In his novel,  À la recherche du temps perdu (In search of lost time), French writer Marcel Proust describes a character vividly recalling long-forgotten memories from his childhood, after smelling a tea-soaked madeleine biscuit.  Henceforth, the theory of the inseparable relationship between smell and involuntary memory has been dubbed the “Proustian phenomenon.”  

The scientific explanation is pretty straightforward:  the olfactory bulb (located just above the nasal cavities, it is a structure of the vertebrate forebrain involved in olfaction, the perception of odors) is part of the of the brain’s limbic system. The limbic system, sometimes referred to as the “emotional brain,” is the area that is closely associated with memory and feeling.  The olfactory bulb accesses the amygdala (which processes emotion) and the hippocampus (responsible for associative learning).  Despite all these biological components, it is our conditioned responses which actually cause smells to trigger memories in our minds.  When we smell something for the very first time, we automatically link it to a moment in time, a person, a thing, an event (sometimes all four).  So, when smells trigger a memory from childhood, it is most likely because we experience some of our first smells when we are children.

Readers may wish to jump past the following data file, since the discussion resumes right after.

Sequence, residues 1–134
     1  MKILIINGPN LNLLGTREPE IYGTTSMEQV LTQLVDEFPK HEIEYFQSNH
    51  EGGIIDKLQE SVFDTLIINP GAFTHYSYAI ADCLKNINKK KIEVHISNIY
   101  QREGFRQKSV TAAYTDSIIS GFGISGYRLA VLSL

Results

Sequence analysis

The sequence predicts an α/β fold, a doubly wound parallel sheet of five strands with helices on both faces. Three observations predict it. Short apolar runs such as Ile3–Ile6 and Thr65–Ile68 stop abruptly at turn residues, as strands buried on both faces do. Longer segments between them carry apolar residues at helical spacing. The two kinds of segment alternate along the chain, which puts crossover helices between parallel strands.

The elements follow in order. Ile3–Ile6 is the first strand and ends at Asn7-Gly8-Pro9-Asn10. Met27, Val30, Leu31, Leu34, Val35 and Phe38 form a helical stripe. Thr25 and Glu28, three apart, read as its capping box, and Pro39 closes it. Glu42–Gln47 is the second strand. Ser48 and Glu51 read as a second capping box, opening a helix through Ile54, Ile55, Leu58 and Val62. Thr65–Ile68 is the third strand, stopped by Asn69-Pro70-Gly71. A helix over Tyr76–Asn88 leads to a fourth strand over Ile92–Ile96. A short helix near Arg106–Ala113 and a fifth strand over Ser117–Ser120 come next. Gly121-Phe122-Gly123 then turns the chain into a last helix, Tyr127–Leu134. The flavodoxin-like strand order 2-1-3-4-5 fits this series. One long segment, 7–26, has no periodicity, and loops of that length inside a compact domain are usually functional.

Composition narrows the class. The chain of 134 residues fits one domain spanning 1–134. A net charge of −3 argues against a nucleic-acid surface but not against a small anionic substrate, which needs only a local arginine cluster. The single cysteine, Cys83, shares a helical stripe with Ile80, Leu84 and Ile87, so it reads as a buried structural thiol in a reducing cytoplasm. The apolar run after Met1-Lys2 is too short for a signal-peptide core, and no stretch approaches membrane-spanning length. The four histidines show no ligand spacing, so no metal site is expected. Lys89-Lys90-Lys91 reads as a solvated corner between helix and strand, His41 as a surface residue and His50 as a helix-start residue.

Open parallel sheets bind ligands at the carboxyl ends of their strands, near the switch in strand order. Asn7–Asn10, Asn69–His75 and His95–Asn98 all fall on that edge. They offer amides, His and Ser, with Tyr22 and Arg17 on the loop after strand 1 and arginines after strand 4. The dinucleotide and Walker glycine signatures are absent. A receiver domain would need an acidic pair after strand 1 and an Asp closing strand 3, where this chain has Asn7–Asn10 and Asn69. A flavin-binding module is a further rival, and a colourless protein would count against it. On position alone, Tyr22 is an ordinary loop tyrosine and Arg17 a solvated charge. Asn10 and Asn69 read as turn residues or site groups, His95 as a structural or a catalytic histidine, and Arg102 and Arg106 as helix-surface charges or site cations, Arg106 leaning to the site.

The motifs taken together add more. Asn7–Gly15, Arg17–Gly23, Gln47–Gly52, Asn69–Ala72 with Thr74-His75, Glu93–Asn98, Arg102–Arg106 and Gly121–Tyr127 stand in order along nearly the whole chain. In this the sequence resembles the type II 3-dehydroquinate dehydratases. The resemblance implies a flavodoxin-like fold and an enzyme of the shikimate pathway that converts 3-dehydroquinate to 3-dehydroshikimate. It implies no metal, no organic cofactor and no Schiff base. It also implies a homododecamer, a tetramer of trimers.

Whenever I smell a good pipe tobacco or a fine cigar, I think of bookshelves bending with the weight of books.  I am brought back to a time when I was just a little tyke, sitting on my father’s lap while he puffed on his pipe and read to me snippets (whether I wanted to listen or not) from a current issue of the Foreign Affairs journal.  He was trying to teach me, to open my mind to the world around me.  Many decades later, I have a cigar lounge in my home – filled with bookshelves bending from the weight of books. Whenever I am in that room, I remember those serene days of my childhood.

Another vibrant memory is evoked by the smell of spaghetti Bolognese.  My favorite childhood meal.  Sadly, I have never been able to recreate my mother’s special sauce.  A few years back, I walked by a neighbor’s home and stopped in my tracks.  From her open kitchen window, I heard the sound of onions sautéing and the smell of onions and tomatoes wafted towards me.  It almost brought me to my knees.  Suddenly, I was a little girl again and my mother was lovingly stirring the sauce, smiling at my exaggerated, comical facial expressions (I was trying to convey to her how much I loved the smell and how impatient I was to eat my spaghetti). 

I stood on the sidewalk for a while longer, just so that I could enjoy the whiff of sauce and the memories that it evoked.  The next day, I knocked on my neighbor’s door and asked her for the recipe.  She quite happily gave it to me.  Strangely enough, I still can’t recreate it – quite exactly.  

Then again, my mother was one of a kind. 

 

Image via top7news.gr.